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Probably developed by Egyptian warriors who originally mounted large crossbows on the camels, the zumbooruck was rapidly adopted by Arab, Afghan, Mughal and especially Persian Safavid armies up until the 19th and 20th century India. Zumboorucks were one of the royal guard units in the 19th-century Persian army. A Persian zumbooruck regiment would be accompanied by musicians with huge camel-mounted drums, in order to create even more noise and impress the enemy. Zumboorucks were used against the invading British in the Anglo-Afghan Wars and in the Anglo-Sikh Wars.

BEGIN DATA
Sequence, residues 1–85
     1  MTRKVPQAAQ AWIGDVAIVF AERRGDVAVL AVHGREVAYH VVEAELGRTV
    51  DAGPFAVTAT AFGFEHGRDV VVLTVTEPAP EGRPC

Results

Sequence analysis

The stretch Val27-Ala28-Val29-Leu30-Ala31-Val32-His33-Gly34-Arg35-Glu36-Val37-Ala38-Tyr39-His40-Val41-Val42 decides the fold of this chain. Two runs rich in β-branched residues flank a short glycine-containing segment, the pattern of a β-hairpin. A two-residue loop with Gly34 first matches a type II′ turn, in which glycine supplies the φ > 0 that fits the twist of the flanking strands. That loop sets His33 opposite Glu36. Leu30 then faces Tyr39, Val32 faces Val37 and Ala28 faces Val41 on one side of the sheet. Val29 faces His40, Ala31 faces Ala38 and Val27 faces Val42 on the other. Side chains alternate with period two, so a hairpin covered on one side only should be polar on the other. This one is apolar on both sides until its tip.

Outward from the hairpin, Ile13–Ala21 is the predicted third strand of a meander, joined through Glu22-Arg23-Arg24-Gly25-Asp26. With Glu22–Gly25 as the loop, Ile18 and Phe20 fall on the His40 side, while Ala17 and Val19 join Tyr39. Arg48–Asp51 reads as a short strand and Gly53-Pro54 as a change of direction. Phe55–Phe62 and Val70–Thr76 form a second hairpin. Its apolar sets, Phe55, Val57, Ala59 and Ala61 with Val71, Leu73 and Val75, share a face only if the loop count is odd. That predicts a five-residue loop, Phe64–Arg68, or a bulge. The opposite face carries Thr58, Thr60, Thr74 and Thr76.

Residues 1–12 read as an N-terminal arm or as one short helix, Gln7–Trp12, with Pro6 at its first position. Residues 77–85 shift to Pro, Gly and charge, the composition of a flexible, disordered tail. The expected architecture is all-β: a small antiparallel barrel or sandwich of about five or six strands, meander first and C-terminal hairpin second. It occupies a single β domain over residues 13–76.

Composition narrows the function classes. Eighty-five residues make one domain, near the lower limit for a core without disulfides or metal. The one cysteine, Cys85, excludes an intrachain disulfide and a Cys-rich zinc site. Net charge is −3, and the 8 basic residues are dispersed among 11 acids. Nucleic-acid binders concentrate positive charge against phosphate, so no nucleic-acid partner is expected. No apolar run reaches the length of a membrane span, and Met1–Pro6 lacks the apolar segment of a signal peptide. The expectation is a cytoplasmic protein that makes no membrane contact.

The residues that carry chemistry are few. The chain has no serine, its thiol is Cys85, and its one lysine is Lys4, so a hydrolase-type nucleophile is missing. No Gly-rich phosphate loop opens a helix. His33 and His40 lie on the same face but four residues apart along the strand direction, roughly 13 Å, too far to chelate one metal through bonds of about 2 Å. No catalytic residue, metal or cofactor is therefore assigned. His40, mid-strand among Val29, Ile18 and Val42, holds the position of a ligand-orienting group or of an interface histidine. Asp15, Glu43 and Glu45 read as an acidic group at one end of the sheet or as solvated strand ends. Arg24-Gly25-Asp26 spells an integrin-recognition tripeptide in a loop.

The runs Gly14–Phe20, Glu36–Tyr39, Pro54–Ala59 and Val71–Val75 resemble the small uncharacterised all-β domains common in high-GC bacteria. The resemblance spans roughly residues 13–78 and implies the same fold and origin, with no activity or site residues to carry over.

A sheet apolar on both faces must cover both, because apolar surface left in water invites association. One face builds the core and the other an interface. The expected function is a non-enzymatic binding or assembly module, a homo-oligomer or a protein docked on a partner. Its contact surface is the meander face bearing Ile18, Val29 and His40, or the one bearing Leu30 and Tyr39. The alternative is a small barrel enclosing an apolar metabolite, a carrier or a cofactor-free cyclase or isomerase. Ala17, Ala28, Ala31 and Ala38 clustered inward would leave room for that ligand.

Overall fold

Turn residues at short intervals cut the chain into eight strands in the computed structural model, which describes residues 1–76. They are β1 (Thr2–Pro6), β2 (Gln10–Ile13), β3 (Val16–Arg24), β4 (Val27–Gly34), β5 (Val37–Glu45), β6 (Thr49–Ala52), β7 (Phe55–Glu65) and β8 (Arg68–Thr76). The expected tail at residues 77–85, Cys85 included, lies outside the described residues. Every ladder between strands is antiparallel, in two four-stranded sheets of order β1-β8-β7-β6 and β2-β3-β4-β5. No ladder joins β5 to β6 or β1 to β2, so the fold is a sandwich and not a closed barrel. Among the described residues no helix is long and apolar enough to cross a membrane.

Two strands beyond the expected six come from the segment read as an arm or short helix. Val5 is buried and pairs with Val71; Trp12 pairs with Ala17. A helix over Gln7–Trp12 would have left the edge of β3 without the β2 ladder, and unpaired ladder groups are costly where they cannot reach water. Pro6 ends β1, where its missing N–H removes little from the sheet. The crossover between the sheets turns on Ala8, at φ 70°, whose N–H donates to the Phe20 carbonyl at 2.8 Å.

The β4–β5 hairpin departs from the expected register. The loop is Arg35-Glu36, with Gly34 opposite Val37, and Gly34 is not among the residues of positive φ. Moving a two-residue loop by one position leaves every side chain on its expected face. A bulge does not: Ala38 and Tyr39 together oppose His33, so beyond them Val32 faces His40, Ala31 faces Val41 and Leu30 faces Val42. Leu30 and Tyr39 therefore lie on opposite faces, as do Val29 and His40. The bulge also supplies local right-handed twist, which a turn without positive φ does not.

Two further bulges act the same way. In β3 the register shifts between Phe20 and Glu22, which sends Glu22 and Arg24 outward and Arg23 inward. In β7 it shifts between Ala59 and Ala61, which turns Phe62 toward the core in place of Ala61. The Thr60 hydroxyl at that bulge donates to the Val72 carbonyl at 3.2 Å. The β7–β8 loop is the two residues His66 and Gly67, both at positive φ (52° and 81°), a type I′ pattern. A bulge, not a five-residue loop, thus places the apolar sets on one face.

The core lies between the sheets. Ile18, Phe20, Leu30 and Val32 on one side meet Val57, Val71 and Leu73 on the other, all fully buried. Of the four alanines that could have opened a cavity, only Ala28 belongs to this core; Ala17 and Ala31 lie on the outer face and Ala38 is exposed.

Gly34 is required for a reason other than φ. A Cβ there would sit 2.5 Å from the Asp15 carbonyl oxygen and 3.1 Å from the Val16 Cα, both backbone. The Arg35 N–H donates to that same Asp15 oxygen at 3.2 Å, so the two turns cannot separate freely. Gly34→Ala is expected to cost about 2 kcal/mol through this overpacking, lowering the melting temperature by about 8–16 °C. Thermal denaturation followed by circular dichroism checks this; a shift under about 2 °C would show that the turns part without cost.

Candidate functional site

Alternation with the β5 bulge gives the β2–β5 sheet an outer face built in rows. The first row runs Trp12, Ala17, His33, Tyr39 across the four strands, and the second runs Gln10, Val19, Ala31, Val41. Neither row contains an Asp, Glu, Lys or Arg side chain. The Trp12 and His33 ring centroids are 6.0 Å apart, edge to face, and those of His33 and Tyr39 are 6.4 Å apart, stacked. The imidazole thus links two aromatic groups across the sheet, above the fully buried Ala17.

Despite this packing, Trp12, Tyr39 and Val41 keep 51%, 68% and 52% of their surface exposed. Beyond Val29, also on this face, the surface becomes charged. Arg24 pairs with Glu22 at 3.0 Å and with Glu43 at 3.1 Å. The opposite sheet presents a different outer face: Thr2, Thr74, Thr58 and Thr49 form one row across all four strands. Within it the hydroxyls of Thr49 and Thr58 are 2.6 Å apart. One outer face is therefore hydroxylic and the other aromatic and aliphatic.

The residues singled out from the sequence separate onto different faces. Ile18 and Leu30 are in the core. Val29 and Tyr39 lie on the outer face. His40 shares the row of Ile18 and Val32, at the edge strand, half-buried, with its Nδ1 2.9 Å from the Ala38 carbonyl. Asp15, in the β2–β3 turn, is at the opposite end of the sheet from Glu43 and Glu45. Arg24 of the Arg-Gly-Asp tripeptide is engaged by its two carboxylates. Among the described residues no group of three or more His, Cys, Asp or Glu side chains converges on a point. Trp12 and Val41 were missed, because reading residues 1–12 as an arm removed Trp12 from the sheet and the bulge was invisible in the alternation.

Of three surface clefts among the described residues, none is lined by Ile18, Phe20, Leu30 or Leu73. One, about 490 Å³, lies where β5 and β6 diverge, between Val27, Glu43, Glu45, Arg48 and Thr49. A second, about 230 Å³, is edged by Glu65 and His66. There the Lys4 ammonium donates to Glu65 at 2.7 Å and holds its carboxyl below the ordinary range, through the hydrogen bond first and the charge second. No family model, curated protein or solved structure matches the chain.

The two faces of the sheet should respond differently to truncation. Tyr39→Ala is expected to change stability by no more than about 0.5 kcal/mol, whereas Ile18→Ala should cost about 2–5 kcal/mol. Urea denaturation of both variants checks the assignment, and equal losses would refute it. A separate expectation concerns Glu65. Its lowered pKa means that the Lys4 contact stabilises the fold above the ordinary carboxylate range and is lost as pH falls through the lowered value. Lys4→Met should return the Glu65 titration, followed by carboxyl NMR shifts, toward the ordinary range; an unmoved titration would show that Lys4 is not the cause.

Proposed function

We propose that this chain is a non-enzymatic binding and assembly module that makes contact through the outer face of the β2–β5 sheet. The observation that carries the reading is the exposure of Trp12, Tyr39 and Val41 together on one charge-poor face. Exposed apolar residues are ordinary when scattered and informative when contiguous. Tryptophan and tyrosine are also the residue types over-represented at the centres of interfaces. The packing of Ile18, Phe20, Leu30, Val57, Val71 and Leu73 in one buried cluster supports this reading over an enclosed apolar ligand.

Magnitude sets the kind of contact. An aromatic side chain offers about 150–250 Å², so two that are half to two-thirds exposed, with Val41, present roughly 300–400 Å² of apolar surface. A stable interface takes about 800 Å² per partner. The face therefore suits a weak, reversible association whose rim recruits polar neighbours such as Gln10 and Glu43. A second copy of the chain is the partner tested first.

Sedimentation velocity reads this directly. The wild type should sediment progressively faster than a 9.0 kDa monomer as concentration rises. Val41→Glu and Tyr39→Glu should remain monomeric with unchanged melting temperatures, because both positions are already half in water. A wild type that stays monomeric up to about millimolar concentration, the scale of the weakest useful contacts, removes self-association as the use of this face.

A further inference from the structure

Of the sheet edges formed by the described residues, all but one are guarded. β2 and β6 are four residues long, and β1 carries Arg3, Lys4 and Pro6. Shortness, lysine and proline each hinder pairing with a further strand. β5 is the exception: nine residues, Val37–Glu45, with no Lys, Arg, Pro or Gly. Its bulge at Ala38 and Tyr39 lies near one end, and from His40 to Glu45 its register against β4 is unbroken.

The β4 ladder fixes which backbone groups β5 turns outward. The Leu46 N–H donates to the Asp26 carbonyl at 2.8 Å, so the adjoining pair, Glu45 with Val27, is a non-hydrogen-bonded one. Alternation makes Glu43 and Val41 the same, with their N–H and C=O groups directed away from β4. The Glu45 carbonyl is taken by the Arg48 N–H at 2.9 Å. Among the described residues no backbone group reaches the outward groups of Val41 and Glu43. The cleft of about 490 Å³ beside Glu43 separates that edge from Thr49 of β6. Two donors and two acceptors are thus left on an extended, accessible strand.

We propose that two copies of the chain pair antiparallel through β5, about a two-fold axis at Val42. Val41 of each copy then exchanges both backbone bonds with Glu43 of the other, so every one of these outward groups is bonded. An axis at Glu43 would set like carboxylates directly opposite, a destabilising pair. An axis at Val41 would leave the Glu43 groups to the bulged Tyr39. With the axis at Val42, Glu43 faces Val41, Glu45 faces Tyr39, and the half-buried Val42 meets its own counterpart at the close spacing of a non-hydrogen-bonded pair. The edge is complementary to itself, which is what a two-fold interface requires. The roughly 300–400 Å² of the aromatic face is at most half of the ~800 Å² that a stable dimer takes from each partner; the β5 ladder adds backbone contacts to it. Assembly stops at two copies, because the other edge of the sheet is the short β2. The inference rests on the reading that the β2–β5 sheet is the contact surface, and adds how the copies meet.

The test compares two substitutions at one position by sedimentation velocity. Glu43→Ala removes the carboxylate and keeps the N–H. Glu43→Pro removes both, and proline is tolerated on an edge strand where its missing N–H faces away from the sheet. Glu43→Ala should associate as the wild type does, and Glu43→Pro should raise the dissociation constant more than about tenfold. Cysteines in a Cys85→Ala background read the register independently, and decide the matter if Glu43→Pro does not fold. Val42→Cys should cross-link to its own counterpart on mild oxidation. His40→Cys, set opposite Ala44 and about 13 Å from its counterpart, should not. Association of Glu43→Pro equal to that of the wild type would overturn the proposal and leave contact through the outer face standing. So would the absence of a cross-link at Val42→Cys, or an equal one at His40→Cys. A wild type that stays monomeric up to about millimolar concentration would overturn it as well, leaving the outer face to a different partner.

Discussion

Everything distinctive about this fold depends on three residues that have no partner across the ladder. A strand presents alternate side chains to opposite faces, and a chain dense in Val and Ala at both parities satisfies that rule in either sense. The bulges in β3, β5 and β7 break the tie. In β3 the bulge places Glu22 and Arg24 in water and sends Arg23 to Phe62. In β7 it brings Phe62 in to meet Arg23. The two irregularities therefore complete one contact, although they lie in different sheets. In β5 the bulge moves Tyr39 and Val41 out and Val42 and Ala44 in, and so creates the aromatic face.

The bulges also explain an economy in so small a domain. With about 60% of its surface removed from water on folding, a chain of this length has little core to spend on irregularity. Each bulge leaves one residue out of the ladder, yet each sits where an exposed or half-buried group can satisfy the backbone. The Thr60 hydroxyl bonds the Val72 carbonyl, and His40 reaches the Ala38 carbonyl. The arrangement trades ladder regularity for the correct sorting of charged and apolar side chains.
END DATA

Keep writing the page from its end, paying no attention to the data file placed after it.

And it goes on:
A zumbooruck consisted of a soldier on a camel with a mounted swivel gun (a small falconet), which was hinged on a metal fork-rest protruding from the saddle of the animal. In order to fire the cannon, the camel would be put on its knees. The name may be derived from Arabic zambūr, hornet (possibly in reference to the sound earlier camel-mounted crossbows made). The mobility of the camel combined with the flexibility and heavy firepower of the swivel gun to make an intimidating military unit, although the accuracy and range of the cannon was rather low. The light cannon was also not particularly useful against heavy fortifications.
A later development (after 1850) would see Gatling guns mounted on camels as well.
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